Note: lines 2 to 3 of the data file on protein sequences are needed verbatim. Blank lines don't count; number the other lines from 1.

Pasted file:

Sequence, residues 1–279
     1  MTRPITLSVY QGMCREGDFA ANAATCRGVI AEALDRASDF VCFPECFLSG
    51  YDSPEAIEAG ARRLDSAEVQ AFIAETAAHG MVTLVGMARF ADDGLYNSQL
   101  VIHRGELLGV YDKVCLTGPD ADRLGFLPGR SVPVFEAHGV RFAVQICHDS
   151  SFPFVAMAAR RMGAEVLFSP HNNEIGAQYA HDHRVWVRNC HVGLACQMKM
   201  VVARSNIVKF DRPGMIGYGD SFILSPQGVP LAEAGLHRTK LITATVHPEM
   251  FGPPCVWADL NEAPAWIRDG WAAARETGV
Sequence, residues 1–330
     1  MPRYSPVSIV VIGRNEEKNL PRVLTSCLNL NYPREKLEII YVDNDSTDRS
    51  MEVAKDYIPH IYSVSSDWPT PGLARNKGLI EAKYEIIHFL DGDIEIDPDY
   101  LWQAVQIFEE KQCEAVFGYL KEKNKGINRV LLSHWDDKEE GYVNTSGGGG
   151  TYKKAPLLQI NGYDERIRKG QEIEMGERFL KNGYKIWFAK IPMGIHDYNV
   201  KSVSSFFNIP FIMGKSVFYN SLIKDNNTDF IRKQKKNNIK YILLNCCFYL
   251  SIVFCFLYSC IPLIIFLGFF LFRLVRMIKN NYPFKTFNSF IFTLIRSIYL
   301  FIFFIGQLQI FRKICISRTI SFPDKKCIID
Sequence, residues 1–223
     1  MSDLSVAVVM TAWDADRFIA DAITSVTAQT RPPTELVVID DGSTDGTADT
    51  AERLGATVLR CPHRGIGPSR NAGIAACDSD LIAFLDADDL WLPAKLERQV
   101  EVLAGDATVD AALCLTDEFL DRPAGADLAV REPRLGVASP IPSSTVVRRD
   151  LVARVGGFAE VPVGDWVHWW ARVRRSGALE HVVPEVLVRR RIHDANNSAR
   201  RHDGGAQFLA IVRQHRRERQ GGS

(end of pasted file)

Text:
     1  MTRPITLSVY QGMCREGDFA ANAATCRGVI AEALDRASDF VCFPECFLSG
    51  YDSPEAIEAG ARRLDSAEVQ AFIAETAAHG MVTLVGMARF ADDGLYNSQL